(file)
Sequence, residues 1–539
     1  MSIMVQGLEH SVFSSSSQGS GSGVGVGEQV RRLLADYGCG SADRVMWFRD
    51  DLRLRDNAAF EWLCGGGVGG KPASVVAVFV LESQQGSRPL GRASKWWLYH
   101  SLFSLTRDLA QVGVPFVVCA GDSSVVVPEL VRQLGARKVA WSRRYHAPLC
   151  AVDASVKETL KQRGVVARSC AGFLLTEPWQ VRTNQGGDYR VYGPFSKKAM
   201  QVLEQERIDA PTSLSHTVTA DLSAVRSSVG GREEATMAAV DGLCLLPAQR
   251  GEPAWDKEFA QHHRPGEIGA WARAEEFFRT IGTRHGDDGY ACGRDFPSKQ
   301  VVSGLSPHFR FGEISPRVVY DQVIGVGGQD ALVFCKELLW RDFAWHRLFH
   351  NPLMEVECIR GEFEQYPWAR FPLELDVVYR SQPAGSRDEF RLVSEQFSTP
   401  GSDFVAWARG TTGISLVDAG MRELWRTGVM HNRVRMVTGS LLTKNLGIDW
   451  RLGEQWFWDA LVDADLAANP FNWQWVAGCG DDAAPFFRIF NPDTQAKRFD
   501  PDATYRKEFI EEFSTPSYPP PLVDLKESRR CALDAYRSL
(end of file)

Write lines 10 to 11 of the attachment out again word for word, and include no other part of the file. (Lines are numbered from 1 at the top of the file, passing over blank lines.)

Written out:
   401  GSDFVAWARG TTGISLVDAG MRELWRTGVM HNRVRMVTGS LLTKNLGIDW
   451  RLGEQWFWDA LVDADLAANP FNWQWVAGCG DDAAPFFRIF NPDTQAKRFD